So far Nonfiction November has been absolutely incredible - I'm on my third book of the month which is totally unheard of for me lately. Although I've been reading, I've been barely finishing one a month so I'm absolutely astounded! It's really helping me to get my blogging mojo back as well, and of course greatly expanding my TBR! I'm helping that by organising a nonfiction book swap which you can still sign up for till midnight tomorrow, details are here.
This weeks topic is Be/Become/Ask the Expert and is hosted by Leslie of Regular Rumination so head over there to find out more!
I thought for quite a long time about what to post about this week and came to the conclusion that I don't really read enough nonfiction to be the expert in anything. I read quite a bit about fairytales for my dissertation, but that was a while ago now and to be honest I don't remember a lot of the nonfiction sources I used. If it were fiction we were after the list would be endless! Aside from that, my nonfiction is quite memoir - based and fairly scattered in terms of subject, so I thought I'd go for an area I'd like to become much more knowledgeable about and also ask if anybody has any recommendations for me in this area. The only problem is that I don't really know what to call it...
After we moved to the countryside from London four years ago I became very interested in the concept of self-sufficiency and am very interested in the idea of growing our own fruit and veg, keeping hens, bees, etc and also knowing exactly where our food comes from. I love to eat local produce as much as we can afford, which is definitely not as much as I'd like! My list is inspired by Animal, Vegetable, Miracle by Barbara Kingsolver, which really just kickstarted the whole dream again for me. So I don't know what you'd call that becoming the expert on... food roots? self sufficiency? Anyway, here's my list!
The Onmivore's Dilemma: a Natural History of Four Meals by Michael Pollan
This sounds fascinating as it's about the provenance of our food and what is good for us and what isn't. Exactly my cup of tea.
Eating Animals by Jonathan Safran Foer
Looks at the stories we tell ourselves in order to justify eating meat. I'm a big believer in being honest with yourself about why you're doing things so I think this will be great.I got it from the library a little while ago but was really not in a nonfiction mood and ended up taking it back having only read a few pages. I've heard great things about it though so I'm looking forward to it!
Plenty: One Man, One Woman, and a Raucous Year of Eating Locally by Alisa Smith and J.B Mackinnon
This is about living for a year on food which is produced within a 100 mile radius of where you live and it sounds like it would really inspire me. Being from the UK I'm more likely to think of 'local produce' as being from within a 20-30 mile radius, but either way it sounds fun!
The Way We Eat: Why Our Food Choices Matter by Peter Singer and Jim Mason
A look at the ethics behind the food we eat, this sounds like an interesting read and addresses a lot of concepts I feel strongly about, for example that animals should not have to suffer because we want to eat meat. Just for the record, I am a meat eater but try to be a discerning one.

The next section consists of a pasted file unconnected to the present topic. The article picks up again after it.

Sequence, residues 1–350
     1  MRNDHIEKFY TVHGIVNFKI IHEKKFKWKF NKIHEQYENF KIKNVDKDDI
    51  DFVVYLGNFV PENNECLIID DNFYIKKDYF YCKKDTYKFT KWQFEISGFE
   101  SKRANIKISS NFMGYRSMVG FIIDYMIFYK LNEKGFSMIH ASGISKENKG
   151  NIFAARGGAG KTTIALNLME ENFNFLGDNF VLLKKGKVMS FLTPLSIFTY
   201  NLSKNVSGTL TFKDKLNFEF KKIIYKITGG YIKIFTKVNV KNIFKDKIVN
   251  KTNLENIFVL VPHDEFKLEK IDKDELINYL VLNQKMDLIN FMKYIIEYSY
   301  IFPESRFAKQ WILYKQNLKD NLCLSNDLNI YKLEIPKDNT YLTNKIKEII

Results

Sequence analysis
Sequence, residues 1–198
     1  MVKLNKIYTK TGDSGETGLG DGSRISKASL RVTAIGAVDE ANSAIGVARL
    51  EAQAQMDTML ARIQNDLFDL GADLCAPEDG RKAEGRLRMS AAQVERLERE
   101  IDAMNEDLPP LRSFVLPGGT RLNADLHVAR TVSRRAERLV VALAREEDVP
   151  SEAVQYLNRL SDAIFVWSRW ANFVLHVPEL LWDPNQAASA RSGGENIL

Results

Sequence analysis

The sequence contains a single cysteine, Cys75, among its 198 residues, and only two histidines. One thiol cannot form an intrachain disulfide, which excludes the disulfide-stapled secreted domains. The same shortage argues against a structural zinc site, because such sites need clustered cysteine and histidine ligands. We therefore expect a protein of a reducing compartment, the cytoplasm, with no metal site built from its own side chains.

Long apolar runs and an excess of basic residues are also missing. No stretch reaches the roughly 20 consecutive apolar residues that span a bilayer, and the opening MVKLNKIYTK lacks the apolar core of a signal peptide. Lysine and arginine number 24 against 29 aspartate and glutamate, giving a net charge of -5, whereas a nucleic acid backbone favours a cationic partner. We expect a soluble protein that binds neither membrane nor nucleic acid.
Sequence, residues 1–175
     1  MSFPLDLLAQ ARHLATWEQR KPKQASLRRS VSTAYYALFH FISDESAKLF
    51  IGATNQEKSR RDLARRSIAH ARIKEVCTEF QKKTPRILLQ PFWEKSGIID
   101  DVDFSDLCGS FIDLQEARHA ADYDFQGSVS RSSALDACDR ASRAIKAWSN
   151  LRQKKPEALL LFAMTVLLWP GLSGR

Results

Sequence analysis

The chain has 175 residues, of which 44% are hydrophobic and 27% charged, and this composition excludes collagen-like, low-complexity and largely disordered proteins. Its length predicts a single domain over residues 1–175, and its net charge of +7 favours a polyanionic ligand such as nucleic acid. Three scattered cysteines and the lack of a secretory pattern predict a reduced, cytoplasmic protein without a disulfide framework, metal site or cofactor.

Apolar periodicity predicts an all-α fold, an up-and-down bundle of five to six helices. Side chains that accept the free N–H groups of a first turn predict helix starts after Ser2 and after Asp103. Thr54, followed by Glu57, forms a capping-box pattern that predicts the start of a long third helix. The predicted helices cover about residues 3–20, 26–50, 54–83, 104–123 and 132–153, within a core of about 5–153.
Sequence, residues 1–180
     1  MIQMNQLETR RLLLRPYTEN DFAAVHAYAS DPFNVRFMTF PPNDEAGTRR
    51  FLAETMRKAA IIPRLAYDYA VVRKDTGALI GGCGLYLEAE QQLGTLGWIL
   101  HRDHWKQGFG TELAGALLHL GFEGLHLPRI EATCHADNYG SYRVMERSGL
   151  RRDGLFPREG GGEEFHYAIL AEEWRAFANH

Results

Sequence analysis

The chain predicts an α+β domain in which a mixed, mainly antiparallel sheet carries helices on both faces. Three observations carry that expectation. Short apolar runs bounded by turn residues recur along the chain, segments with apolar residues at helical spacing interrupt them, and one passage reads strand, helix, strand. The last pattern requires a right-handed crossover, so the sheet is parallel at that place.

Just Food: Where Locavores Get it Wrong and How We Can Truly Eat Responsibly by James E. McWilliams
Examines the myth and misinformation surrounding eating locally. This sounds like it would be a good book to counterbalance some of the other titles on this list and make sure I don't get too carried away in seeing things in black and white when they aren't necessarily.
Radical Homemakers: Reclaiming Domesticity from a Consumer Culture by Shannon Hayes
I'm quite a domestic person, in as much as, I do a lot of other stuff and have a lot of other hobbies but at the end of the day I really enjoy homemaking and domesticity and yes I do often feel guilty about it which is stupid. I feel like being good at or enjoying domesticity shouldn't be something you need to apologise for,whether you're a man or a woman, as long as it's your choice and not something you're pushed into and I think this book will be right up my street. It sounds fantastic.
So that's my list. Please throw recommendations at me if you have any however loosely related to the topic!
I really enjoy "foodie" books -- I've read all of Michael Pollan's and thought they were terrific. Do cookbooks count as nonfiction? I love reading cookbooks! Have you read Laurie Colwin's Home Cooking and More Home Cooking, or any of Ruth Reichl's memoirs? All delightful -- a little different from your topic of self-sufficiency, but wonderful.ReplyDelete
My coworker just gave me Animal, Vegetable, Miracle by Barbara Kingsolver, about her year of eating only homegrown or locally grown food. I haven't read it yet, but it comes highly recommended and sounds really interesting.ReplyDelete
This is very interesting.... I haven't read any of these books, but it's a topic that seems hot right now. Where I live (NJ), eating locally and the "farm to table" concept at restaurants is currently very much in vogue. I hadn't heard of McWilliams' book--I didn't know there was a critic of the "locavores" (that's a good term!) but I'd like to hear more about that.ReplyDelete
All of Pollan's books have been fascinating. And I loved Carl Honore's In Praise of Slow.ReplyDelete
I'll pop back to see what else gets recommended as I'm very interested in this topic too :-)